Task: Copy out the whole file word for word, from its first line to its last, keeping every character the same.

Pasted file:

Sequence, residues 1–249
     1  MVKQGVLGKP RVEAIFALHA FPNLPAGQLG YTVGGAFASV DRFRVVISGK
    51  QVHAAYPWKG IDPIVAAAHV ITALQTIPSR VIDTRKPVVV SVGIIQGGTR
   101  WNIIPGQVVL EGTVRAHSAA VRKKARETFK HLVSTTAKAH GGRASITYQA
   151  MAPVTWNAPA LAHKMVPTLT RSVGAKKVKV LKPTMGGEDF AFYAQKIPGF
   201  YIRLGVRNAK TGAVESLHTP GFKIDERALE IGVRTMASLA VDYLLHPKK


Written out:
Sequence, residues 1–249
     1  MVKQGVLGKP RVEAIFALHA FPNLPAGQLG YTVGGAFASV DRFRVVISGK
    51  QVHAAYPWKG IDPIVAAAHV ITALQTIPSR VIDTRKPVVV SVGIIQGGTR
   101  WNIIPGQVVL EGTVRAHSAA VRKKARETFK HLVSTTAKAH GGRASITYQA
   151  MAPVTWNAPA LAHKMVPTLT RSVGAKKVKV LKPTMGGEDF AFYAQKIPGF
   201  YIRLGVRNAK TGAVESLHTP GFKIDERALE IGVRTMASLA VDYLLHPKK